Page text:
Discuss the benefits and challenges of purchasing standalone WFM solutions versus those in suites.
When purchasing a standalone WFM solution, you gain a demonstrable greater depth of product functionality backed by an R&D investment fully dedicated to solving WFM challenges. At NICE, we have a dedicated R&D team for each of our products: WFM, Quality Management, and Interaction Analytics. Our best-in-class solutions are integrated – which drives cross functional solution synergies - but we do not require the customer to adopt a ‘suite’ approach. Suite solutions tend to sacrifice product depth for product breadth…even when you may have no desire or capability to replace all the contact center systems embodied by the suite.
What is your view on SaaS (News
) as a delivery option for WFM solutions?
SaaS hasn’t taken off for several reasons. By definition, SaaS implies a ‘software use on demand’ license model, typically as a hosted solution. WFM tasks and processes are a constant in the contact center; a recurring set of repetitive activities that contact centers license for use on premise-based equipment.
Current WFM system licensing models already account for limiting the software distribution to only devices that need the software on demand; therefore the concept of SaaS licensing is not a critical need for WFM purchase and installation. In addition to the licensing considerations, data security concerns stop many companies from even considering SaaS as an option.
Perhaps even more importantly, when you’re dealing with schedules, you’re dealing with people’s lives. Customers want control of the software in house in order to maintain full control and flexibility over a critical system such as WFM. Finally, one of the benefits of SaaS is the perceived lower total cost of ownership by avoiding heavy investment in infrastructure. But with a single server approach like the IEX TotalView System, there is already a low cost of ownership – and a low-carbon footprint or “green” solution – thus reducing the perceived benefit of purchasing WFM as SaaS.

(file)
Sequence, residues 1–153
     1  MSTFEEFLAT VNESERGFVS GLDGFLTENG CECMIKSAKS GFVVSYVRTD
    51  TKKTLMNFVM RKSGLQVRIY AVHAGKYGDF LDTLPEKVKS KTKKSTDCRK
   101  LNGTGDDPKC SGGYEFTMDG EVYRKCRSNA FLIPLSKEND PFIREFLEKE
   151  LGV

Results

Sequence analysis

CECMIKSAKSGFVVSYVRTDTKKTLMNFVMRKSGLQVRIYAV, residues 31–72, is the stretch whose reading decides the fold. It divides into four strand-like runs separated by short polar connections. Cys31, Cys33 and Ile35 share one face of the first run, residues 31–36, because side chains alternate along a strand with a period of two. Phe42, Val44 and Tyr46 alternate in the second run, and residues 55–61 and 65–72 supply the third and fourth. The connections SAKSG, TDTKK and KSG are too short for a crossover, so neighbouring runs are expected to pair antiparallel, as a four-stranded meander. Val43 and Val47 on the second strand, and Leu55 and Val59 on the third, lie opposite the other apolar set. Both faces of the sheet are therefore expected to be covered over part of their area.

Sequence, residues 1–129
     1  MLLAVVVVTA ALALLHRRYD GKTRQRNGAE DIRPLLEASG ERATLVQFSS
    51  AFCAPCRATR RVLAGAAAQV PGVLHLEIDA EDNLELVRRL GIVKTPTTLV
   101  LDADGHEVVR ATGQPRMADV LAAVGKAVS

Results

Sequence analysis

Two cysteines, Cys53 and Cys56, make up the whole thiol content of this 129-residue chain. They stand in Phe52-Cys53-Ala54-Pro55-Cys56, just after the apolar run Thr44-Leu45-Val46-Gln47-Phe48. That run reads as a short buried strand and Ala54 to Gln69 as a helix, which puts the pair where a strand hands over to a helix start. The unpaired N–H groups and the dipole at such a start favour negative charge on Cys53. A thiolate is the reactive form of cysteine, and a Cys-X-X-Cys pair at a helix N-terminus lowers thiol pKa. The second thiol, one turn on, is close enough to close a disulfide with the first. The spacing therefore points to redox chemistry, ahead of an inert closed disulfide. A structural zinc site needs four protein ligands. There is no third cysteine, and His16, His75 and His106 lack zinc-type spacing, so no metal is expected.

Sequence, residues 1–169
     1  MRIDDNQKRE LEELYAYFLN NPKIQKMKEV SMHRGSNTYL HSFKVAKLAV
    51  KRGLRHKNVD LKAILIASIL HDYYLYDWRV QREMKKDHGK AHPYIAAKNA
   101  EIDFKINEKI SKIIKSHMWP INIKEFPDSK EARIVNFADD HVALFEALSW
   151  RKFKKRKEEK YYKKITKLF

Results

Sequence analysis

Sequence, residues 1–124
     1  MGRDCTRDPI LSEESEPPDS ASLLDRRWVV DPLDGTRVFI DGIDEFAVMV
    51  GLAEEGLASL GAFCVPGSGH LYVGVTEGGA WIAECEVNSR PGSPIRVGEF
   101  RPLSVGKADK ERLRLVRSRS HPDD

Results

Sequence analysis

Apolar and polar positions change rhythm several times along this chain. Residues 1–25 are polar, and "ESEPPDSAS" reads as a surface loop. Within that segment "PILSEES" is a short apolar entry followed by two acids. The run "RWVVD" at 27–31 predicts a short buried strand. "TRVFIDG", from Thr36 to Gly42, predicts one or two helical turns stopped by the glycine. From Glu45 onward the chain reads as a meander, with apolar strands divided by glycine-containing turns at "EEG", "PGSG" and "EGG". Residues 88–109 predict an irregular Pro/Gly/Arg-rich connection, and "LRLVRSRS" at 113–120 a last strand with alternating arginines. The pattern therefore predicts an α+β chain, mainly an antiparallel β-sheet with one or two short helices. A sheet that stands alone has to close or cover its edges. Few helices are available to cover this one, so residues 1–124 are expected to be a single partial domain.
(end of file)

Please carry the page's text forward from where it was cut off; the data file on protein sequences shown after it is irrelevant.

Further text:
What is happening in WFM pricing?
Pricing is commensurate with the return the customer plans to achieve with deployment. We help our customers match their business objectives with the right feature set so they can achieve a solid return on their investment.
What best practices do you see now and emerging in identifying and selecting WFM solutions and suppliers?
Customers are looking beyond their immediate needs to what their company may need down the road. Rather than looking for solutions that solve only inbound contact center needs, they’re seeking technologies that can grow into other parts of the enterprise, such as outbound, back office, branch offices, or retail. It doesn’t necessarily mean they’re deploying WFM in these areas, but they are thinking futuristically.
What is your advice to contact centers who are seeking either to buy new WFM products or to replace/upgrade to new WFM solutions?
Not all WFM solutions are created equal. Take a deep dive into the functionality of how the technology works. For example, rather than just asking if you do skills-based scheduling, ask how skills-based scheduling is achieved. By looking into the science behind the product, you’ll find the solution that delivers the highest ROI.
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Brendan B. Read is TMCnet’s Senior Contributing Editor. To read more of Brendan’s articles, please visit his columnist page.
Edited by Michael Dinan